A: As for the taste-of-medicine approach… I’m not a fan. Obviously the enslavement of the parshmen, and the way some/most people treated them, was a huge dark blot on humanity. On the other hand, the action that took away their self-determination was the action of a few in an effort to stop an unceasing war, and had unintended consequences. However, once it was done the entire people would likely have died out had they been left to themselves without the ability to take forms. We obviously don’t know enough yet to say for sure, but I strongly suspect that initially, taking in the parshmen and giving them simple tasks was an act of pure generosity, which later devolved into racial slavery like we can’t even imagine.
Tight Butts and Coconuts
“I’d tell you to put a sack over your head, but think of the poor sack! Theologians use you as proof that God exists, because such hideousness can only be intentional.”
The man didn’t respond. Wit poked him again, and he muttered something in Thaylen.
“You … don’t speak Alethi, do you?” Wit asked. “Of course you don’t.” Figured.
Well, repeating all that in Thaylen would be monotonous. So Wit cut in front of the man in line.
A: LOL. That whole speech was a lot of work just to get someone to punch him in the face! The second approach was both more effective, and much more efficient. Ah, well. Much like me, Wit has only a casual and infrequent friendship with brevity.
One of his teeth popped out. “Success!” he said in Thaylen, speaking with a faint lisp. “Thank you, dear man. I’m glad you appreciate my performance art, accomplished by cutting in front of you.”
A: Yeah, brevity? Nah.
“Look,” he whispered to the wall, “you don’t have many choices right now.”
Above, the Fused turned to look at him.
“I know you’d rather have someone else,” Wit said, “but it isn’t the time to be picky. I’m certain now that the reason I’m in the city is to find you.”
A: So many questions raised here on a first read. Why is he whispering to the wall? Will the Fused recognize him now? And why did his spidey-sense tell him he needed to be here? What is so important about this moment, in the grand cosmic scheme of things?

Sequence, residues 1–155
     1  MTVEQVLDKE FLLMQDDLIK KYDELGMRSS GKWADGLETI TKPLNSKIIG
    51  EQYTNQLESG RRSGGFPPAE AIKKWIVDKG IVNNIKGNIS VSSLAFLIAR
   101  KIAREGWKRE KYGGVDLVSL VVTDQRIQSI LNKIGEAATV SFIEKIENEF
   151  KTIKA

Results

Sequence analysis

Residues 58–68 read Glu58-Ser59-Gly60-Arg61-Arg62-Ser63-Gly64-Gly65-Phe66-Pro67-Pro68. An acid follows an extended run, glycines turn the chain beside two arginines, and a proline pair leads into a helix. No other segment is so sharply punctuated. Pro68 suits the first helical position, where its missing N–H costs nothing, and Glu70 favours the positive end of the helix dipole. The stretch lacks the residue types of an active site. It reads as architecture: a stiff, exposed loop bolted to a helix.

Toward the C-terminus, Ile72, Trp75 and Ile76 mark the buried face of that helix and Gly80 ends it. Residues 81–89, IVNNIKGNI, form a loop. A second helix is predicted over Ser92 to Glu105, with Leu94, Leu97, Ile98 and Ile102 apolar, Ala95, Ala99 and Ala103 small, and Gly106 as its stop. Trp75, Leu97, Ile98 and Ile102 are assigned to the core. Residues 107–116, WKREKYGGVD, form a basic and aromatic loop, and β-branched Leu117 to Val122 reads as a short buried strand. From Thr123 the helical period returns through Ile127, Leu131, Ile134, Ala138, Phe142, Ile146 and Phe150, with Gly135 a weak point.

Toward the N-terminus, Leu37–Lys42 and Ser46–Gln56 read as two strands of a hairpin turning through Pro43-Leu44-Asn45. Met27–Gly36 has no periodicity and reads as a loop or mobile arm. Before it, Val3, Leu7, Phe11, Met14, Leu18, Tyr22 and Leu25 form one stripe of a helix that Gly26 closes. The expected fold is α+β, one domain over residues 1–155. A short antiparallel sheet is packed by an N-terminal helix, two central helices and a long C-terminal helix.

L: Also… why is he here without knowing the reason why? Some sort of supernatural intuition, or was he given a tip by someone…?
A: I don’t think we’ve got much info on this just yet. We know he has some sense about where he needs to be, apparently because he has some access to Fortune (however that works!). But he often doesn’t know why he needs to be there, so he has to wait and see what shakes out.
“It’s either go with me now,” Wit said to the wall, “or wait it out and get captured. I honestly don’t even know if you’ve the mind to listen. But if you do, know this: I will give you truths. And I know some juicy ones.”
A: I’ll admit to a bit of confusion here, and I think it’s just that we have virtually no experience to look back on for enlightenment. If a bonded (or semi-bonded) Radiant is killed, is their spren stuck in the Physical realm? If that’s the case, what happened to Tien’s poor little bondmate? And how do the Fused capture sapient spren?
In any case, though, I loved Wit’s bargaining chip. I’ll bet he has some really juicy truths to share with a Cryptic!
L: Hoo boy, does he ever. He’s probably like a ten-course all-you-can-eat buffet.
A: LOL. That would surely describe him well! It also occurs to me that this might be the only Order he could possibly join; he can give truths, for sure (even if he’s not in the habit of telling the whole truth!), but I’m not sure how many of the other orders have Ideals he could honestly speak. Huh.
Something slipped from one of the cracks in the wall. A moving Pattern that dimpled the stone. It crossed to his hand, which he tucked into his rags as the guards seized him under the arms and hauled him out into the gardens, then tossed him among the beggars there.